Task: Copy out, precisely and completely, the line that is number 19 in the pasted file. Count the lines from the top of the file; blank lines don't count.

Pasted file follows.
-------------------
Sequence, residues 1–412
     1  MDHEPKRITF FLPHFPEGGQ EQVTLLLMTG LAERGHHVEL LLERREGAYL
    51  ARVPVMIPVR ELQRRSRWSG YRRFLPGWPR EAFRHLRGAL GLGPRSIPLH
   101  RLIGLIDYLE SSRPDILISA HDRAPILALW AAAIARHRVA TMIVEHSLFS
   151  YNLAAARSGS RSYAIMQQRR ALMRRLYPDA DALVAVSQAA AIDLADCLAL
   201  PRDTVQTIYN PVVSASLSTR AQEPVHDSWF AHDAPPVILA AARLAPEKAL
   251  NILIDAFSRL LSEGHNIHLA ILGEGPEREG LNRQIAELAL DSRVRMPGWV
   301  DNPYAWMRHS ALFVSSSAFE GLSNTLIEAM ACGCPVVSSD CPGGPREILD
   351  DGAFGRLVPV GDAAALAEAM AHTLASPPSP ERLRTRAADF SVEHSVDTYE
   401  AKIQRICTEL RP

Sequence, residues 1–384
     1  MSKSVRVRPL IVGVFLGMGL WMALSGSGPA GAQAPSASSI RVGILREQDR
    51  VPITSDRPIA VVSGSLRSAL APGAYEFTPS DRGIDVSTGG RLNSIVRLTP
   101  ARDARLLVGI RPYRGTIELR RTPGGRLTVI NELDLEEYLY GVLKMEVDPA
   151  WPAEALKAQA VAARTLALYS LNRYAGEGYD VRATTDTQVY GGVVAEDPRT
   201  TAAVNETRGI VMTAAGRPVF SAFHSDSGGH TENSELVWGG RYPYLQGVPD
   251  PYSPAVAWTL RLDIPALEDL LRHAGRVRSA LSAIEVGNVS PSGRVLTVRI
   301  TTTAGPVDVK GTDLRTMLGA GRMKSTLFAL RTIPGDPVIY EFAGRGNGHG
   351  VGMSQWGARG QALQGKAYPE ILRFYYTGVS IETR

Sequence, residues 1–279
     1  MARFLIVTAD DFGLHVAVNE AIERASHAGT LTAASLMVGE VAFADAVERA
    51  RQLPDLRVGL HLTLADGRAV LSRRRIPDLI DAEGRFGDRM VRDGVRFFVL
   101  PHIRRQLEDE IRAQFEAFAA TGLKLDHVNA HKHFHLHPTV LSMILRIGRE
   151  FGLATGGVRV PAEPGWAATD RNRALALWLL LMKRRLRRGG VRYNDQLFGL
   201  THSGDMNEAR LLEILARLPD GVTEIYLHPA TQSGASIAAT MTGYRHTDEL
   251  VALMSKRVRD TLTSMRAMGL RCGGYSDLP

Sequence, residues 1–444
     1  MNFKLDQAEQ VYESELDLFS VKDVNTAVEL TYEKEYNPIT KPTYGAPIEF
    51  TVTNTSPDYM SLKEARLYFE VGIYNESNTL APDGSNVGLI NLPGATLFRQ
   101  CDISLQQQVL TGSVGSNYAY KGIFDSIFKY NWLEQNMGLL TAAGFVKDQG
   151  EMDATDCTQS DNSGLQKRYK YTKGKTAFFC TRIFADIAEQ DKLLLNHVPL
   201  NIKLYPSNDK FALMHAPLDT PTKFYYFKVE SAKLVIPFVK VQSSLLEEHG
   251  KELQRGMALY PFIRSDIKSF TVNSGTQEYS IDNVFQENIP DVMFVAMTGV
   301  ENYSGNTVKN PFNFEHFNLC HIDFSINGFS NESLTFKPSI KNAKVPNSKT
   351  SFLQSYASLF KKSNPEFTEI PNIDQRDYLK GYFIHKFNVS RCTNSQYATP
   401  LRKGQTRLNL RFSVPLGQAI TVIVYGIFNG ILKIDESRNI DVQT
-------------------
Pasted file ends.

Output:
   351  VGMSQWGARG QALQGKAYPE ILRFYYTGVS IETR